With that in mind, here’s my list of the top five players in Carolina’s history:
1. Peppers. Yes, he wasn’t always consistent. But he took over games at times and was phenomenal -- when he wanted to be.
2. Steve Smith. There’s a very good chance the little man could move past Peppers before all is said and done. Another good year or two should do it.
3. Wesley Walls. In the early years of this franchise, no one was consistently better than the tight end.
4. John Kasay. Yeah, he’s a kicker, but he’s been as consistent as anyone in the league. He’s the last original Panther and he someday will have a statue outside of Bank of America Stadium.
5. Dan Morgan. Yep, that’s not a misprint. I know Morgan’s legacy is that of a guy who could never stay on the field because of injuries. I’m not disputing that. But I’m asking you to remember how good Morgan was when he was on the field. He was spectacular. His place on the list won’t last long. Give Jon Beason another year or so and he’ll pass Morgan. Heck, give Beason a few more years and he could be at the top of this list. Give Jordan Gross, DeAngelo Williams and Jonathan Stewart another year or two and they also will be somewhere on this list.
Let’s hear your list of top five Panthers in history. Hit the comments section below or send a note to the mailbag.
Posted by ESPN.com's Pat Yasinskas
The much-anticipated NFC South all-decade team offense was supposed to go up before the defense and special teams this morning. Due to a technical glitch it did not.
But we'll run your offense out now. I say "your" team because it truly is. I asked you to vote and you did by the hundreds. I didn't make any of the selections. You did. I just counted up the ballots, so give each other grief in the comments section below if you don't like a pick (In fact, you made some picks I wouldn't have and I'll note them below).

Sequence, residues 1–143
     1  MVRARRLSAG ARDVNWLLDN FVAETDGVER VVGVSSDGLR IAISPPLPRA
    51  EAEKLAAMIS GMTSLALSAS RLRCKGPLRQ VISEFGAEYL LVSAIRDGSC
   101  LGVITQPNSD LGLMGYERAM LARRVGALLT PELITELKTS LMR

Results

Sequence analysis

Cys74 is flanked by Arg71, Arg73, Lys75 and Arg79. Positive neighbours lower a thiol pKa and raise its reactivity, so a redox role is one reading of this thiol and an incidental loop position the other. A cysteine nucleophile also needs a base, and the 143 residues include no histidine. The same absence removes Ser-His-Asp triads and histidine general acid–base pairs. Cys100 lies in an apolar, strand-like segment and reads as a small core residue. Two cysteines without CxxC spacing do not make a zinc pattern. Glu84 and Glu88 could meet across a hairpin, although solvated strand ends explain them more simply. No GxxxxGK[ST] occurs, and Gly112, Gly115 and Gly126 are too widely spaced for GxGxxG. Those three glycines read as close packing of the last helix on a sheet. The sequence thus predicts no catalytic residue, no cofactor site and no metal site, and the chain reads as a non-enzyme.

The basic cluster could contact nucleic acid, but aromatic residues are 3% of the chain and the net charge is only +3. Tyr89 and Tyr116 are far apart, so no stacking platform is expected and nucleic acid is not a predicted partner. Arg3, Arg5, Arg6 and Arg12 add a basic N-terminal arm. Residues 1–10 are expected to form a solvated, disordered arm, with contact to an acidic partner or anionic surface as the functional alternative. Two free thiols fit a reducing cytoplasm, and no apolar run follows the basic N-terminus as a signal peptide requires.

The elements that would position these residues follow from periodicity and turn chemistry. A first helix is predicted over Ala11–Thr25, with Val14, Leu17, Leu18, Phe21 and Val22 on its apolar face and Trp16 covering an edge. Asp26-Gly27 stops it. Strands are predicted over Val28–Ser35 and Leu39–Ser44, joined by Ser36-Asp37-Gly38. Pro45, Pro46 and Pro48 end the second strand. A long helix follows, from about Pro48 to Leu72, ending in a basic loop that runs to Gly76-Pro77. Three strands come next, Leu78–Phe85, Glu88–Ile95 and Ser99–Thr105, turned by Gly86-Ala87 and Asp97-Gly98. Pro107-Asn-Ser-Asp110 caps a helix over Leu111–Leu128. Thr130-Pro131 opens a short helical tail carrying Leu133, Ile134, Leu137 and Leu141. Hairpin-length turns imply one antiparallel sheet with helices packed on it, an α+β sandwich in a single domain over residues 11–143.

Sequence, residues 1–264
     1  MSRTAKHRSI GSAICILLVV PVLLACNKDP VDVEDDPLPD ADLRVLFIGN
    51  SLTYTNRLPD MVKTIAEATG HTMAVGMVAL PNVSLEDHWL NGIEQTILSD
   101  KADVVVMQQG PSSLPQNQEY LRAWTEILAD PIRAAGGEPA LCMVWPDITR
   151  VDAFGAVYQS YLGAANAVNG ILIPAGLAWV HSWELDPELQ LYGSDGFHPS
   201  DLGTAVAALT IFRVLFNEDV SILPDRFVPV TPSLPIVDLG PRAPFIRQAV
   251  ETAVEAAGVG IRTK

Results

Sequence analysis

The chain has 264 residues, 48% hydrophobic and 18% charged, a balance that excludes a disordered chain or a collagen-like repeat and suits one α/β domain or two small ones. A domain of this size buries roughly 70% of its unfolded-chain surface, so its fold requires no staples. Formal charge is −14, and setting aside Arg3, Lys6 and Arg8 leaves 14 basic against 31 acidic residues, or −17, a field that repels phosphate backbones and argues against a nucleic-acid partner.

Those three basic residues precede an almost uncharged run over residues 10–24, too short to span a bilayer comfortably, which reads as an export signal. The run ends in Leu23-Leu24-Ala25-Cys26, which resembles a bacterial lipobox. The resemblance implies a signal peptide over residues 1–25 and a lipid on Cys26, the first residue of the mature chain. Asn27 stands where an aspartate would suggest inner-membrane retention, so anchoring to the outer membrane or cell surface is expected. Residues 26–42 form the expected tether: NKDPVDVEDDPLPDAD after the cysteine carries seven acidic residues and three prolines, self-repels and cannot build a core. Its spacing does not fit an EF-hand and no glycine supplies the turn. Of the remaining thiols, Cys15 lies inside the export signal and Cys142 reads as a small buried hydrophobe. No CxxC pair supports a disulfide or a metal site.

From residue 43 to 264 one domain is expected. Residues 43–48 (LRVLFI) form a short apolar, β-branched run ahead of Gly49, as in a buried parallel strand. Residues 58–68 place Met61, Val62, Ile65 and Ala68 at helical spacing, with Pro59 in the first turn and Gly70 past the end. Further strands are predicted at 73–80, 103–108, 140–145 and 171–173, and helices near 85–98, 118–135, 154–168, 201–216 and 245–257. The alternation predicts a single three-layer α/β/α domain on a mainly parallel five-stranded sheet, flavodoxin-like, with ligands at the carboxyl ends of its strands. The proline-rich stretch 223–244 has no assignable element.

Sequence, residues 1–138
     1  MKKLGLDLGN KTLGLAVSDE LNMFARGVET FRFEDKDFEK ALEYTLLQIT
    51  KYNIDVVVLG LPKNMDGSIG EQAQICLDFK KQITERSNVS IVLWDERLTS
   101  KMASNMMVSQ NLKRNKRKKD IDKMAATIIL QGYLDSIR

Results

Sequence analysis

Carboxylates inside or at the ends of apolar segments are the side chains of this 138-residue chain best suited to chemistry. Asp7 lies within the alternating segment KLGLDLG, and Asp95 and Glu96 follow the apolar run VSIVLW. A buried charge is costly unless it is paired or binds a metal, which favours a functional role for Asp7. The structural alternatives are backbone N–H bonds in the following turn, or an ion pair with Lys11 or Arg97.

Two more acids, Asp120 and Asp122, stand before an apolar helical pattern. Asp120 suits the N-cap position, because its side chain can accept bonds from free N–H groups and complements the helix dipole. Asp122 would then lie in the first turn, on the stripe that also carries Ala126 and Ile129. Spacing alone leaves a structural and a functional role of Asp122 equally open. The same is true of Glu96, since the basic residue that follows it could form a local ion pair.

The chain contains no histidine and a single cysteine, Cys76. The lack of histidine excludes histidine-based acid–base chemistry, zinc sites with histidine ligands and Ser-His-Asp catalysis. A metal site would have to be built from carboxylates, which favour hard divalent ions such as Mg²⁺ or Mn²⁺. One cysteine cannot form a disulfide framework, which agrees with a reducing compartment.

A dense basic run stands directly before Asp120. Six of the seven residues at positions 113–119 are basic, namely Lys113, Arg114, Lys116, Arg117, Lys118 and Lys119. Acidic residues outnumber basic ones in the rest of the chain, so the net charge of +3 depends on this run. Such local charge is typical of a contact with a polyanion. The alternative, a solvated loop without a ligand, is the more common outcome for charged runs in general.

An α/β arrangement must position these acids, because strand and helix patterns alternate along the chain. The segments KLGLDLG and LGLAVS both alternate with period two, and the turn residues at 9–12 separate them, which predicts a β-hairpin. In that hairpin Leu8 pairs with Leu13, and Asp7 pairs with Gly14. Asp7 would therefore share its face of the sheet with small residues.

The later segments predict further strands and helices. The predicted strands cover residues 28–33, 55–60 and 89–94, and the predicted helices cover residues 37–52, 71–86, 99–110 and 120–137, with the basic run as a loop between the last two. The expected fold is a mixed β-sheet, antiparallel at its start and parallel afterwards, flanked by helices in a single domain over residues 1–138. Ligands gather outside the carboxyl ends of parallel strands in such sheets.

Quarterback: Jake Delhomme. This was really close. After nearly 700 votes, Delhomme edged out Drew Brees by 11 votes. It was a tough call because Brees has been with the Saints since only 2006 and Delhomme has won a pile of game for the Panthers. I still would have gone with Brees just because he's been so spectacular in those three seasons. This wasn't just a two-horse race. Brad Johnson, the only NFC South quarterback to win a Super Bowl, finished a respectable third and Michael Vick even got 22 votes.
Running back, Warrick Dunn. I wouldn't call it a total landslide because there was some solid support for Deuce McAllister, but Dunn won pretty easily. He was productive in Tampa Bay and Atlanta throughout the entire decade. No argument here.
Fullback: Mike Alstott. This one was an absolute runaway and it probably should have been. Alstott had a very nice career even though he was almost as overrated as Jason Sehorn. Plus, there wasn't much competition. Carolina's Brad Hoover did get a few votes and those people deserve bonus points for looking beyond the easy and the obvious.
Tight end: Alge Crumpler. Crumpler was the easiest winner on the offense. The only reason we can't say Crumpler was a unanimous choice was because there was one vote for Wesley Walls. Not another tight end even got a vote.
Wide receivers: Steve Smith and Joe Horn. Smith was nearly unanimous and Horn wasn't that far off. Muhsin Muhammad got some attention and, somehow, Keyshawn Johnson got a vote. Thanks for stopping by the blog, Key.
Offensive tackles: Jordan Gross and Jammal Brown: Willie Roaf got some votes, which was a nice try by Saints fans, but Roaf was shipped off to Kansas City early in the decade and didn't qualify. Gross won easily. Brown edged a pack that actually included Todd Weiner and Todd Steussie. If he hadn't, I might have vetoed the vote and inserted Roaf on the team.
In the NFC South, where trends catch on quickly, there's a new one.
Well, actually it started last July when the Saints traded for Jeremy Shockey. But it looks like the division where the two-back system was the rage last year, suddenly will be known for pass-catching tight ends.
With Tony Gonzalez joining the Falcons today and Kellen Winslow joining the Buccaneers in February, the NFC South is suddenly filled with the best pass-catching tight end in history and two guys who, at least on paper, aren't that far off.
Anyway, this is suddenly looking like the showcase division for tight ends, which is a pretty strong contrast to the end of last season when, by default (Shockey's injury and no other pass catcher in the division), I selected Tampa Bay's Alex Smith as the All-NFC South tight end. These days, Smith might be No. 3 on Tampa Bay's depth chart.
Posted by ESPN.com's Pat Yasinskas
As the Terrell Owens saga takes another turn with his release by Dallas, I'm reminded of a fascinating psychological profile of wide receivers I stumbled across a few years ago.
The profile actually goes back way earlier than that, but it holds remarkably true. In 1973, Arnold J. Mandell worked as a team psychiatrist for the San Diego Chargers. Coach Harland Savard asked Mandell to come up with personality profiles for the different position groups.